The Damage of Debt

Katherine Porter, UC Irvine School of Law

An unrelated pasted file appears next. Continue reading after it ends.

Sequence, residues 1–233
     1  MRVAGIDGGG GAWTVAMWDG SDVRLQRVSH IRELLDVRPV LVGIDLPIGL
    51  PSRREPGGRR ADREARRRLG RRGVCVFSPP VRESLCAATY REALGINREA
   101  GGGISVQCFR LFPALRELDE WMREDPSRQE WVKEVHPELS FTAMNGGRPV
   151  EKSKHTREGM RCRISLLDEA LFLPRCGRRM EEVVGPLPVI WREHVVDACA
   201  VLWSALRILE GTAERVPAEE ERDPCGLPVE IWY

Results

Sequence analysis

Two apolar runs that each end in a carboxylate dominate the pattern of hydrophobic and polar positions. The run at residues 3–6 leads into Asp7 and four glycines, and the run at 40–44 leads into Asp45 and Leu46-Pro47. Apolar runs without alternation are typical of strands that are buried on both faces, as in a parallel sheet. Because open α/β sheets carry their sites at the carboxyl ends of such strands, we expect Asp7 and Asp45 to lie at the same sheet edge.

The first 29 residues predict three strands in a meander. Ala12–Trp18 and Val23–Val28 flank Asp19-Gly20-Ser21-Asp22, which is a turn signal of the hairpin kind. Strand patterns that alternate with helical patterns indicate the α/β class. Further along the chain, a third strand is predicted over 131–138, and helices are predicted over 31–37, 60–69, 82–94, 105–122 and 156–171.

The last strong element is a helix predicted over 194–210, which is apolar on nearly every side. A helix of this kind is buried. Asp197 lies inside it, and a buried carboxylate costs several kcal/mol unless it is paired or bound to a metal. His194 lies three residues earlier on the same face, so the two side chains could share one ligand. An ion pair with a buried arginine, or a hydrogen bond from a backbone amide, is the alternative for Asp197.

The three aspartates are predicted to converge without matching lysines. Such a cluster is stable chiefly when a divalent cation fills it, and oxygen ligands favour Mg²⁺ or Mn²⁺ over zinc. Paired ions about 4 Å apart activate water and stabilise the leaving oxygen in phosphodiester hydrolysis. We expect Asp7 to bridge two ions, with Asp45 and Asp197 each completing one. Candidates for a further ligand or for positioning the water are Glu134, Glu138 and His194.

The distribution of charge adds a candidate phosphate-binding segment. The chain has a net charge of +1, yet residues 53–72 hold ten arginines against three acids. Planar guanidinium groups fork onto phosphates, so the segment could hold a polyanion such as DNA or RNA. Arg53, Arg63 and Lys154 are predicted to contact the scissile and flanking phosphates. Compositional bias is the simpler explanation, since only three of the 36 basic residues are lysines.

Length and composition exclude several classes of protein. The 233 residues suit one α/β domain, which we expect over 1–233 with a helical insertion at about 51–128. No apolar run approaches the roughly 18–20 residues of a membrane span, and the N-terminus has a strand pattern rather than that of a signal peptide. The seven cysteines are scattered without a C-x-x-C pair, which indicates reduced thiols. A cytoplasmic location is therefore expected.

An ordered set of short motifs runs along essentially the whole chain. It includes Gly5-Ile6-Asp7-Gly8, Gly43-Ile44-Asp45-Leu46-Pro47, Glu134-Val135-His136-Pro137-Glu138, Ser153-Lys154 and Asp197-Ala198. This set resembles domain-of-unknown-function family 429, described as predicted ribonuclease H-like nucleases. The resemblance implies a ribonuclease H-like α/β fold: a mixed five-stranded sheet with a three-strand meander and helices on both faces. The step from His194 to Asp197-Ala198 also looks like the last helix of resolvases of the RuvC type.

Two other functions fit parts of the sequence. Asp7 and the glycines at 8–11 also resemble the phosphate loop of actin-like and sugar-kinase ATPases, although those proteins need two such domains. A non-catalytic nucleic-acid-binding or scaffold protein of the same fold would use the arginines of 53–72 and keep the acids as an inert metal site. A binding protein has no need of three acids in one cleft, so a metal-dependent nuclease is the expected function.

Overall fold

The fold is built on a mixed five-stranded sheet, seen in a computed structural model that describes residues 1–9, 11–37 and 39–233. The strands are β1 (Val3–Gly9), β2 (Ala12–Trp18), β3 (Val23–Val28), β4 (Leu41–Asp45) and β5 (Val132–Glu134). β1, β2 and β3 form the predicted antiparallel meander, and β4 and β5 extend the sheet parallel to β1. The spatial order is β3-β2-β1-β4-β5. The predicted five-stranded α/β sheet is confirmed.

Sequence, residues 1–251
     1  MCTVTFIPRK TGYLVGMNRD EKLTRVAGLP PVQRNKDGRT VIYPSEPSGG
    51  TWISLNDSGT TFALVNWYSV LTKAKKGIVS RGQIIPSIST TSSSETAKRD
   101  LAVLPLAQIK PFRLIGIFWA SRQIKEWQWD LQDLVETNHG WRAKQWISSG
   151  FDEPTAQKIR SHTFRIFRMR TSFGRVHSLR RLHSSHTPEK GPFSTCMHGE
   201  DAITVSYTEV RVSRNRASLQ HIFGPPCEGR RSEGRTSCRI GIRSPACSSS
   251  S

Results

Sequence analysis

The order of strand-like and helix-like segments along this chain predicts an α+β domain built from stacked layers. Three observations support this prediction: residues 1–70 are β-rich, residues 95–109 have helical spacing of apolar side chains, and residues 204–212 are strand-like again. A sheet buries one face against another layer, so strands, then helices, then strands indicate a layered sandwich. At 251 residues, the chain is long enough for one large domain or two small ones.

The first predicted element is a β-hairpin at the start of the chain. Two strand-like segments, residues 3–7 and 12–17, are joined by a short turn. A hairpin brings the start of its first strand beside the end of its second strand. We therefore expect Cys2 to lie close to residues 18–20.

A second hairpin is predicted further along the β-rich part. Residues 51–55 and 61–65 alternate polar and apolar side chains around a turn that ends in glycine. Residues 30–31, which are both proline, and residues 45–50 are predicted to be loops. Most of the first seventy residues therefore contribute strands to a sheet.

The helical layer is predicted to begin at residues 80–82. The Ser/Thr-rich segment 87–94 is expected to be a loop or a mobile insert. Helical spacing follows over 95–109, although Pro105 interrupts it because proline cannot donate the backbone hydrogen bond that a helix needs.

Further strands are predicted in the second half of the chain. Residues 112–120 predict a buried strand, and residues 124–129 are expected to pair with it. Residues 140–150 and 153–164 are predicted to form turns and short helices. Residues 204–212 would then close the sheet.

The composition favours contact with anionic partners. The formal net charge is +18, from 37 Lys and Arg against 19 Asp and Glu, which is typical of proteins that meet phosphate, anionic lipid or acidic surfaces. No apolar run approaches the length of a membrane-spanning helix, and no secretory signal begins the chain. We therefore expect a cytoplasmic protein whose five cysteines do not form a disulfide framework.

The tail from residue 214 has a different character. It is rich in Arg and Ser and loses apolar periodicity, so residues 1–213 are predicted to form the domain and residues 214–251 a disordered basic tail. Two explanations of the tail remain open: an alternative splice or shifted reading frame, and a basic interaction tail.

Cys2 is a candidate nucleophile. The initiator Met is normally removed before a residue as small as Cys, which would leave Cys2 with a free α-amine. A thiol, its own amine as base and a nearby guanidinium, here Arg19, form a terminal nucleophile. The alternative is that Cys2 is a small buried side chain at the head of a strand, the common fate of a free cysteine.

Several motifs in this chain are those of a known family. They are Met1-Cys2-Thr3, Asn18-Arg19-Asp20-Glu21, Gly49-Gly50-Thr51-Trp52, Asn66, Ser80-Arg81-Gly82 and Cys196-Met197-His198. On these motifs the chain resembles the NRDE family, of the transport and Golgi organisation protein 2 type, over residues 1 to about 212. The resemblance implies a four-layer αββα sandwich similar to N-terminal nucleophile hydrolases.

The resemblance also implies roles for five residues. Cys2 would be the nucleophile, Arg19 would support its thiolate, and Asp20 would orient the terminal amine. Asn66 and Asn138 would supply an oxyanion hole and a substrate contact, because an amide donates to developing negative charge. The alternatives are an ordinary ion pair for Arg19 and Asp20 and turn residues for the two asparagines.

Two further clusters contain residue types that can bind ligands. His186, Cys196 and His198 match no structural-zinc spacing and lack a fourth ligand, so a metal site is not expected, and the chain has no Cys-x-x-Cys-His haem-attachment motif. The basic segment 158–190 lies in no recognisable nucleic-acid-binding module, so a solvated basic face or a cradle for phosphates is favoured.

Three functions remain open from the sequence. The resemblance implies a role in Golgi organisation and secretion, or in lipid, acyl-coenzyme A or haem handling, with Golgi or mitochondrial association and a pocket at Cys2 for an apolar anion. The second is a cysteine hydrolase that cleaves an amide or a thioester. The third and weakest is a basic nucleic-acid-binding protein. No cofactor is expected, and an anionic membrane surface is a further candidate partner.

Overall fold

In the consumer protection context, most research on American families assesses the extent of harm from overindebtedness along a single dimension: debt, or its kissing cousin, wealth. This essay examines the limitation of this analytical approach and argues that unmanageable debt may harm families’ well-being in ways that cannot be captured by financial measures. This critique may be particularly apt in the context of fringe lending, which often consists of small dollar loans that do not register as measurable harms using traditional metric of dollars of debt to assess harm. Drawing on the poverty economics and its concern with human capabilities, I make a parallel between the limitations of income to assess the harms of poverty and the limitations of debt to assess the harms of borrowing. I construct a multidimensional framework for studying the nonfinancial harms of debt that examines how borrowing may alter people’s preferences, endowments, and access to social opportunity. I apply these concepts to the existing research on the nonfinancial harms of overindebtedness and suggest new avenues for empirical research. A richer framework for assessing the damage of debt will improve the regulation of the consumer credit markets by providing policymakers with information on the nonfinancial harms of borrowing.